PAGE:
“This is new ground for most of us,” Bell told Robert Pledger and his neighbors earlier this month during an informational meeting. Rose added that there aren’t many attorneys in the state — or the country — who have tried inverse condemnation suits.
Those who have say they can be extremely complicated.
"The hard part is going to be separating out if someone is at fault,” said Robert T. Thomas, a Hawaii-based lawyer who has been practicing, teaching and blogging about eminent domain law for 30 years and isn’t involved in any of the lawsuits.
“We love to assign blame and the thing about inverse condemnation — why lawyers choose that as remedy rather than negligence — is it doesn’t focus on fault, it focuses on the economic justice of who has to bear the burden of public necessity, public good.”
Thomas said property owners should look for a lawyer who specializes or has some experience in eminent domain and takings law.
Houston environmental attorney Jim Blackburn, who has represented flood victims in inverse condemnation cases, said he thinks that both upstream and downstream cases are "unwinnable," for different reasons.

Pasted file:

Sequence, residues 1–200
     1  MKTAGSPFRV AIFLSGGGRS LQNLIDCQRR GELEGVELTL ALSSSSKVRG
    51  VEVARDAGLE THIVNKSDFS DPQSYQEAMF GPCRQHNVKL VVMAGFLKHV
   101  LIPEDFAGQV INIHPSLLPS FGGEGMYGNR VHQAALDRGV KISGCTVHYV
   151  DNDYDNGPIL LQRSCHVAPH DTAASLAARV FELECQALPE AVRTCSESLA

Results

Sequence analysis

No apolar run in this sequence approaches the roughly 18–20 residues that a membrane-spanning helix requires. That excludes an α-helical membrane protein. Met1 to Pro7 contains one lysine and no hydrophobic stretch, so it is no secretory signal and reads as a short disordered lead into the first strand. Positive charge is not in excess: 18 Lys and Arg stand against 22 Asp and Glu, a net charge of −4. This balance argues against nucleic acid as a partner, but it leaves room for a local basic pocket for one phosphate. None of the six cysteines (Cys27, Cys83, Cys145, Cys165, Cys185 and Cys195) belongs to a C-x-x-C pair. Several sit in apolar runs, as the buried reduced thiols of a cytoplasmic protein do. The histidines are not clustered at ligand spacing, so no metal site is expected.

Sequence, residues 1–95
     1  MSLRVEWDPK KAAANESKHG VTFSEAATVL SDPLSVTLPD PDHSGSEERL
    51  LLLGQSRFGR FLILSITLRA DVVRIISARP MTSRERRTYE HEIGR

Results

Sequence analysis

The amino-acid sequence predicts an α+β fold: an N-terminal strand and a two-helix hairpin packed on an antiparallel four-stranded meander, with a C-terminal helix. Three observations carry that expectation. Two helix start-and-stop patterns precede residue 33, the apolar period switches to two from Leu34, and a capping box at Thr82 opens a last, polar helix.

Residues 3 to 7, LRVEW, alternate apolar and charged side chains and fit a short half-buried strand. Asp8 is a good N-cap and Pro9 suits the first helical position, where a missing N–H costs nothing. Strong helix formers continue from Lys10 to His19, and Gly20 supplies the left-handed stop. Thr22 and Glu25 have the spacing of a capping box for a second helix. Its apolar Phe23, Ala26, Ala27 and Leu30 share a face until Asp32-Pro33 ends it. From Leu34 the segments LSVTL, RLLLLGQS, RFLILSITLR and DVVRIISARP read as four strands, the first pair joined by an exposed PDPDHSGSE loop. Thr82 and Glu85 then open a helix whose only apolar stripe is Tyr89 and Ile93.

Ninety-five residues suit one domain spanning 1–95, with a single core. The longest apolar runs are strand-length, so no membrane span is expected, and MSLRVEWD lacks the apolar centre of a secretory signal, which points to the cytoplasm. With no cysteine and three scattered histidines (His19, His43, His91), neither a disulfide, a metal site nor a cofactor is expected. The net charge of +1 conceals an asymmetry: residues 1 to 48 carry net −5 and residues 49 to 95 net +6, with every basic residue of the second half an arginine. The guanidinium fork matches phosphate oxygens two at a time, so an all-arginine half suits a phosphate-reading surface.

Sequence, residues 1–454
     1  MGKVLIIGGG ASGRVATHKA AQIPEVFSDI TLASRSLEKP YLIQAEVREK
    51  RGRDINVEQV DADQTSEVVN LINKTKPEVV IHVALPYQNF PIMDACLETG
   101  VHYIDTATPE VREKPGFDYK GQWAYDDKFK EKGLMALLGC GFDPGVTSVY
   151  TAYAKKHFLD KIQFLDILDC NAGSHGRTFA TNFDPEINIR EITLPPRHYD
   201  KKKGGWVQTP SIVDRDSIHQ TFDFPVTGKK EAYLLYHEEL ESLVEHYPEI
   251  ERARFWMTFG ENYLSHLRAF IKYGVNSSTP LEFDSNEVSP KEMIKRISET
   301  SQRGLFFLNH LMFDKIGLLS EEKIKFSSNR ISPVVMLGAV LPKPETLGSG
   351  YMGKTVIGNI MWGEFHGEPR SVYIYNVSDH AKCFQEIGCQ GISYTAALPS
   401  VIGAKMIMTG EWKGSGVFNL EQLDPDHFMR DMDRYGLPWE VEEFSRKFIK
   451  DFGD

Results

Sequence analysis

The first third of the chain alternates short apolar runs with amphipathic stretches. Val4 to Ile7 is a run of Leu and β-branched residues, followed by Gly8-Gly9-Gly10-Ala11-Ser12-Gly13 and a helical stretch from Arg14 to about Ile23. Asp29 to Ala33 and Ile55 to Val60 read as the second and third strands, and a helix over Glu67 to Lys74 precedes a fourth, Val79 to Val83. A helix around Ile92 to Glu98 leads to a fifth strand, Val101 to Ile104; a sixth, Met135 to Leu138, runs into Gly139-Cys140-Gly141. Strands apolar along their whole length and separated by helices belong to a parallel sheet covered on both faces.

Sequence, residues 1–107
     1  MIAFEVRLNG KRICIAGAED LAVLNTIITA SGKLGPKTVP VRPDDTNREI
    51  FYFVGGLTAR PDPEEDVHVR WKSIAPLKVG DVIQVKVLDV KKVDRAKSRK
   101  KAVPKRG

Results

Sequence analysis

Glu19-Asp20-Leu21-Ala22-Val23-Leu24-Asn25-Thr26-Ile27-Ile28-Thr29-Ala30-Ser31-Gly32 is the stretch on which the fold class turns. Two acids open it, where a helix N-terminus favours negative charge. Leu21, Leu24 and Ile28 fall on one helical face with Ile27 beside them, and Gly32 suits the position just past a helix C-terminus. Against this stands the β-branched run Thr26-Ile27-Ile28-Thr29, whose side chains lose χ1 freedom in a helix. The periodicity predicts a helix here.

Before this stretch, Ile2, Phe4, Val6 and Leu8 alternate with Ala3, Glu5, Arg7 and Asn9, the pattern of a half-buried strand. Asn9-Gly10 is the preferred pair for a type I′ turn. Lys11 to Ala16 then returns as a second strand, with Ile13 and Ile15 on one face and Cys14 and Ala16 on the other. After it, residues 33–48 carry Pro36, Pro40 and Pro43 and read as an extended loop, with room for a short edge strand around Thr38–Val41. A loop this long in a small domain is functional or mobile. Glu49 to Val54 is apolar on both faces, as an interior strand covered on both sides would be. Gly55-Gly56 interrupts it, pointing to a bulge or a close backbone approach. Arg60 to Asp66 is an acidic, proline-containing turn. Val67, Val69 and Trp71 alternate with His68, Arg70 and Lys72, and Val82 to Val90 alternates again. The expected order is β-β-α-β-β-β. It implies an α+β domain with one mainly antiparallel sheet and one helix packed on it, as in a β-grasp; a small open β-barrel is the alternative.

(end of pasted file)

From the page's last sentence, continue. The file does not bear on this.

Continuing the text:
While the Corps never purchased easements that would’ve allowed them to flood upstream areas within the reservoirs — something they have done at many other reservoirs they operate around the country — Blackburn said they still have a “de facto easement,” so the cases should be relatively easy for the Corps to defend.
But Houston-area environmental lawyer and engineer Larry Dunbar, who is co-counsel in the class action lawsuit that argues the Army Corps should have done a better job of informing upstream property owners of their risks, said he thinks his clients have a strong case.
“People upstream clearly wouldn’t have flooded but for the reservoirs,” he said.
Yet the Army Corps “flooded them anyway," he said. "It was part of the plan, but they never paid the landowners for the right to flood them."
As for downstream cases, Blackburn said lawyers will have to prove that the reservoirs were the primary reason people flooded.
“I would not take that lawsuit,” he added.
Corps official: 'We're between a rock and a hard place'
Last year, the Army Corps described in detail to the Tribune the tough decisions it has to make every time the reservoirs fill up, knowing that property owners on either side might flood.